CHICAGO — Following outcry from workers, Gov. Andrew Cuomo nixed most residential and commercial building projects in New York City — but that’s unlikely to happen in Illinois, officials say.
At the moment, construction projects in Illinois are considered “essential business” during the state’s stay-at-home order. Gov. JB Pritzker said Sunday that’s unlikely to change.
He did say that it’s up to construction companies to maintain social distancing among workers. If they don’t, he said, that’s a concern.
“Anybody that is concerned about that certainly should be reporting to the Department of Public Health or letting my administration know,” he said. “Much of what is being done is essential work … and we don’t want anybody to be at risk, but we also want to make sure we’re continuing the necessary work across the state.”
Cuomo’s decision to ban non-essential construction followed protest from construction workers and their family members and an electrician’s death, The City reported.
Work on infrastructure, hospitals and affordable housing is still allowed, Curbed reported.
Mimi Simon, a spokeswoman for the Chicago Department of Buildings, said construction companies should continue to abide by the city’s COVID-19 guidelines.
Ald. Daniel La Spata (1st) said on Friday he trusts the city’s Department of Buildings and Department of Transportation to ensure worker safety at construction sites.
“I am not opposed to it continuing with proper practices in place,” he said.
If Chicago were to ban construction, the financial strain would be greatly felt among subcontractors, Encompass Audio Visual president Tim Pickett said during a virtual panel last week.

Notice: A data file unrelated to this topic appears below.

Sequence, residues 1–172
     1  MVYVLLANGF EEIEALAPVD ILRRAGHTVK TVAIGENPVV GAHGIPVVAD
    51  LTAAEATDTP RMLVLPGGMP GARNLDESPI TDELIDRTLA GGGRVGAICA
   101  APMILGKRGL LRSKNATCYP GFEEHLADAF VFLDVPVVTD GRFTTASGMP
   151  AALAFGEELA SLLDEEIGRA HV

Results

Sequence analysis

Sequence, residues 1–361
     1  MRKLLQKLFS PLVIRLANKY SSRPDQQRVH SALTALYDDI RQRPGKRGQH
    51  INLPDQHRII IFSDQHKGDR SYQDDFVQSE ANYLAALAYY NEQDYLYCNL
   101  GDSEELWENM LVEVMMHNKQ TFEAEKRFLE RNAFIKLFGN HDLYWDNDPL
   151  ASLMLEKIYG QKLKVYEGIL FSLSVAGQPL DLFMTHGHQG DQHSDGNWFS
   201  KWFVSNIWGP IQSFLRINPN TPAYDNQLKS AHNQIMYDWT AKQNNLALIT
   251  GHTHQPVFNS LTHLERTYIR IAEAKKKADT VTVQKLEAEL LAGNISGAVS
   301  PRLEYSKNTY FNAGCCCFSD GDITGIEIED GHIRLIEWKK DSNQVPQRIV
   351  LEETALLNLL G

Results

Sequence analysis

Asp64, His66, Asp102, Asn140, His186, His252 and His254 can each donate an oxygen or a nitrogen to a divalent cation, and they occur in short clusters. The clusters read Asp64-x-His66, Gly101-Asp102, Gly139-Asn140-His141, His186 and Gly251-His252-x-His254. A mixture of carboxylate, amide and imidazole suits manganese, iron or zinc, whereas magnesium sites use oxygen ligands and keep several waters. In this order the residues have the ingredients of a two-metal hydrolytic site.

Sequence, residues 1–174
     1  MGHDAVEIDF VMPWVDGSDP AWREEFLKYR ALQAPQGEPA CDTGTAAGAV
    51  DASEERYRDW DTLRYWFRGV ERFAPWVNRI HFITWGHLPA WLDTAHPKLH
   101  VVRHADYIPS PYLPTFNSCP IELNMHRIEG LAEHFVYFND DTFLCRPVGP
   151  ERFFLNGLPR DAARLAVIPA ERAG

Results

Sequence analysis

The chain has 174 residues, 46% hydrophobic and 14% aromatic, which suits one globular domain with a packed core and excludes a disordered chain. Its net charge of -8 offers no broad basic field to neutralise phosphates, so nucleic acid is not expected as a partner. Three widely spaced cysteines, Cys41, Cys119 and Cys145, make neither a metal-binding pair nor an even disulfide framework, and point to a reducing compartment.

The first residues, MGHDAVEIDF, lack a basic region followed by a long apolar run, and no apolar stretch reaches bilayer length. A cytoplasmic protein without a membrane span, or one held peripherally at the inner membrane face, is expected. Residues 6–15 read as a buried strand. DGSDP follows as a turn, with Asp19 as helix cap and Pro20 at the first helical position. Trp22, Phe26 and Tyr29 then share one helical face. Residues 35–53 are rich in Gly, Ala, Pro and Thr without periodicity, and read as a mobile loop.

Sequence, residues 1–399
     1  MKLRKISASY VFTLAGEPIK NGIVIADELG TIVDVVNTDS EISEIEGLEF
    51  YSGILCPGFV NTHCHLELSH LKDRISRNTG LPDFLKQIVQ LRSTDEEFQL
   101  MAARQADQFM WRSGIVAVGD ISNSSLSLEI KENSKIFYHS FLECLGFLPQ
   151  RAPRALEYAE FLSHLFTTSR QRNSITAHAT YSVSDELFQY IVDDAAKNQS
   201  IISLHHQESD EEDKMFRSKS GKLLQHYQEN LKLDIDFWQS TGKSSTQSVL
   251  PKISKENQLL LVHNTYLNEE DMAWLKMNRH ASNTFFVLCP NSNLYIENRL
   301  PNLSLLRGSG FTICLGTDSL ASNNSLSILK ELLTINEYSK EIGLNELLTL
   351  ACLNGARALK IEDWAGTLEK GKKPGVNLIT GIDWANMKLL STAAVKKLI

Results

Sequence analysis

Based in Elk Grove Village, Encompass AV does a lot of work with Chicago’s service and hospitality industries; retrofitting buildings, making tech-friendly event venues, mounting televisions and other projects.
Because of the pandemic, Pickett said, his company has already lost 70 percent of its business.
Subcontractors typically pay for their materials up front and receive payment 60-90 days after a project is completed, he said.
Pickett said he understood the necessity of the stay-at-home order and that he was concerned for the health and safety of his staff and his clients.
If job sites shut down today, however, subcontractors will likely burn through the money they have within a couple months then, when allowed to resume work, struggle to pay for materials, Pickett said.
“Cash flow is our No. 1 concern,” he said. “Maintaining employee security, making sure they feel secure and have jobs. … These are some of the challenges we’re facing.”
Pickett said he hopes to see more clarity from Pritzker regarding when, realistically, the stay-at-home order will end.
“Subcontractors live on draws from bank,” he said. “The subcontractors are the end of the food chain unfortunately in terms of getting paid.”
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